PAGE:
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MS Recap

For CHE20006 MS notes see pdf attached

Mass spectrometry is in it’s most simple, the (destructive) ionisation of a sample, followed by the separation of the ion fragments by their mass to charge ratio (m/z).


  • Molecular ion (\(M^+\)) - The ion obtained by the loss of a single electron from the wole molecule
  • Base peak - The most intense peak in the spectrum, assigned 100% intesity
  • Radical Cation - a positive charged species with an odd number of electrons
  • Fragment Ions - The smaller ions that form from the further fragmentation of the molecule

The ions are formed through multiple means (see CHE20006 notes), however this unit will cover only Electron Ionisation (EI).

In this method, the samples are simply heated to a point at which they vaporise and are bombarded with electrons. While most of the electrons will not interact with the molecule, every now and then an electron will knock into another, displacing it from the molecule, leaving a positive charge. This is then accelerated through series of magnets and is deflected, which using the principles of momentum wlll be variable based on the mass and charge of the molecule

\[ \frac{m}{z}=\frac{B^2r^2}{2V} \]


  • \(m=\) mass of the ion
  • \(z=\) charge of the ion
  • \(B=\) strength of the magnetic field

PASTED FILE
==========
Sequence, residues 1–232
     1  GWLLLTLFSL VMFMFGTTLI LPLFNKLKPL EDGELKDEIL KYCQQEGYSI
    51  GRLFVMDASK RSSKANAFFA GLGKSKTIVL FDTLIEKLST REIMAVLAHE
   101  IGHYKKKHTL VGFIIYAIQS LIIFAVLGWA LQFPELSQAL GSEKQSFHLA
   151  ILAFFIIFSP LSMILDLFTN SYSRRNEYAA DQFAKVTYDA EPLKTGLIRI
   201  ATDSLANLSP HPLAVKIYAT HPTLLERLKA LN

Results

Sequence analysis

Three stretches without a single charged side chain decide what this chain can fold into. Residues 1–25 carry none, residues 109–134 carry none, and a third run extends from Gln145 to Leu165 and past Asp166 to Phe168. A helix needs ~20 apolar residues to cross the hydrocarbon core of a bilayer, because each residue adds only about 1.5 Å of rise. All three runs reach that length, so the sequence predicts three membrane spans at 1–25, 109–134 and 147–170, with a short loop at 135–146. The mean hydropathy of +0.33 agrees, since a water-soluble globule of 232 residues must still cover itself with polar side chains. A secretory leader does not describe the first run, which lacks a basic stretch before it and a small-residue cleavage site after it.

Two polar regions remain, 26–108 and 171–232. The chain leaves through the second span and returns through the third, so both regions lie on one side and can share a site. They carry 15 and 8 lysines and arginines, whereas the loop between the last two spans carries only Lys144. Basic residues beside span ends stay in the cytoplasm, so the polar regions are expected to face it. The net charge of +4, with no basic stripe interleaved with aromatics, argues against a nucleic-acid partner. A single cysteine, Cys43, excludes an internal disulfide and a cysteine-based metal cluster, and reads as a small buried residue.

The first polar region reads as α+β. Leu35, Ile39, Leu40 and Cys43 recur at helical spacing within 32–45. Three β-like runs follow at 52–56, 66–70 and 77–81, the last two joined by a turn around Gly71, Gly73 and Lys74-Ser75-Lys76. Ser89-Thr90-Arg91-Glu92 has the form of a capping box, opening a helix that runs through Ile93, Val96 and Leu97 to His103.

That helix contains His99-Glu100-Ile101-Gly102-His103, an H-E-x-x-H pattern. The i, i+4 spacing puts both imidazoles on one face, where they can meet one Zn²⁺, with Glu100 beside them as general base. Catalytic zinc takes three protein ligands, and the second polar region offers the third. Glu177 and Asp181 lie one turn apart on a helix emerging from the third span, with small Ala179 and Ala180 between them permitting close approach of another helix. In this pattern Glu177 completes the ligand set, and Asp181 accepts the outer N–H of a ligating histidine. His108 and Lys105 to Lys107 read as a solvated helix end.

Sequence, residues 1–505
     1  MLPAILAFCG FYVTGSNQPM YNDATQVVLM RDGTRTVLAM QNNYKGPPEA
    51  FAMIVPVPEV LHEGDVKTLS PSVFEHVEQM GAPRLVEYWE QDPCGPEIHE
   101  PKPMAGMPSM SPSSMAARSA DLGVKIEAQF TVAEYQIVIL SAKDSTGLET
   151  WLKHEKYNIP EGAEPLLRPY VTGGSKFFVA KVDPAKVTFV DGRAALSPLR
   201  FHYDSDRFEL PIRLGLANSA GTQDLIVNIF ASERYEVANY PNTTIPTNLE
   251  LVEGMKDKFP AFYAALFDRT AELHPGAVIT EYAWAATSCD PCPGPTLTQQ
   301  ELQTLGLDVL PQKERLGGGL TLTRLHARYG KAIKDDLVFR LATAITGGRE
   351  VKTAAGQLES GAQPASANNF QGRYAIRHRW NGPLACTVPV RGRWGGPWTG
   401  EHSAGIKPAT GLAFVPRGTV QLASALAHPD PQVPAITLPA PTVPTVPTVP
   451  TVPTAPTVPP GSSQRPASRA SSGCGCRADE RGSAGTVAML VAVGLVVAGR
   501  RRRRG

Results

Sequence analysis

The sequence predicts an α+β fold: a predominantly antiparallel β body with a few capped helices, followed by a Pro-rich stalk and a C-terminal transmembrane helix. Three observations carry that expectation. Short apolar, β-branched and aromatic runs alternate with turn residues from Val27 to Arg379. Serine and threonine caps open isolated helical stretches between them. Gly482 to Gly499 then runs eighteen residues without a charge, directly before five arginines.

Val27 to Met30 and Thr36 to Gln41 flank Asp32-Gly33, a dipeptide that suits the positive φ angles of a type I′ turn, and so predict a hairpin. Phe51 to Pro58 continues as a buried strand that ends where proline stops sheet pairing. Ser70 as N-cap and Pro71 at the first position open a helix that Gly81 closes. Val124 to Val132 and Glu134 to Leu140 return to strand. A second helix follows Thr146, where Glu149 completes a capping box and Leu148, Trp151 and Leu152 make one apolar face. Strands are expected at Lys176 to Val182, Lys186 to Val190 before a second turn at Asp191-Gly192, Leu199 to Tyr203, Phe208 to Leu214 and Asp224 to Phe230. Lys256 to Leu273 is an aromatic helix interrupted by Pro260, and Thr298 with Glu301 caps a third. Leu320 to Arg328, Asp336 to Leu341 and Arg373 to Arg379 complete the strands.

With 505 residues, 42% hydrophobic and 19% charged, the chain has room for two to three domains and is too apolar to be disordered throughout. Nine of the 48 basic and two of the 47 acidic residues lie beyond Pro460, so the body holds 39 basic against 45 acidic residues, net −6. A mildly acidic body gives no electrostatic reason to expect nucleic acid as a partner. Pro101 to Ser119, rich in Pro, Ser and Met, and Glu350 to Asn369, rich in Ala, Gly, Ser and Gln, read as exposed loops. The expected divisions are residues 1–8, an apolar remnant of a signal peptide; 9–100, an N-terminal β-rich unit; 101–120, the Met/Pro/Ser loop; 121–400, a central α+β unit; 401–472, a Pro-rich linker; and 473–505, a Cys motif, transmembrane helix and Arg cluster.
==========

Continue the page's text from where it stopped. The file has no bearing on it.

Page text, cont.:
• \(r=\) radius of the path
  • \(V=\) voltage

If enough energy is injected into the system, it’s also possible to break the ion further, creating characteristic fragments for the molecule. Given that most of these species will not be neutral, stable molecules, they may also spontaneously fragment. The distribution of these fragments in the spectrum is therefore an indicator of ionic stability.


Because the process requires the molecule to be in a gaseous phase, it has to be volatile to some extent, but it also needs to be at least somewhat thermally stable (no hyper-strained molecules)

For this reason, the molecular ion is often not seem $$ \begin{align} \ce{M + e- &-> M^{.+} + 2e-}\ \ce{M^{.+} &-> A^{.+} + B}\ \ce{M^{.+} &-> A+ + B^{.}}\ \ce{A+ &-> C+ + D + …} \end{align} $$

Example - Methanol fragmentation

\[ \begin{align}Ionisation\\ \ce{CH3OH + e- &-> CH3OH^{.+} + 2e-}\\\ce{} Fragmentation\\ \ce{CH3OH^{.+} &-> CH3+ + HO^{.}}\\ \ce{CH3OH^{.+} &-> CH2OH+ + H^{.} -> CHO+ + H2}\\ \end{align} \]


This will often happen in a way that an ion will fragment to produce another ion and a neutral molecule, that will not be detected.

Fragmentation ultimately happens because the fragment (possibly the neutral component) is more stable than the parent ion.

There are a few rules of fragmentation:

  • Linear alkyl chains are more stable than branched ones
  • The heavier the fragment, the less stable
  • Within branched alkyl species, the largest group will be the first to be cleaved


Atoms with naturally occurring isotopes will typically have multiple peaks in ratios pertaining to the natural abundance of the isotopes

  • Bromine will have two identical peaks two units apart (1:1 \(\ce{^79Br/^81Br}\))
  • Chlorine will have two peaks of different abundance, two units apart (3:1 \(\ce{^35Cl/^37Cl}\))
  • Carbon might have a much smaller peak (100:1 \(\ce{^12C/^13C}\))

If there are multiple species with multiple naturally occurring isotopes, multiple peaks will form with summing abundance

  • E.g. Chlorine - \(\ce{^35Cl2/^35Cl^37Cl/^37Cl2}\)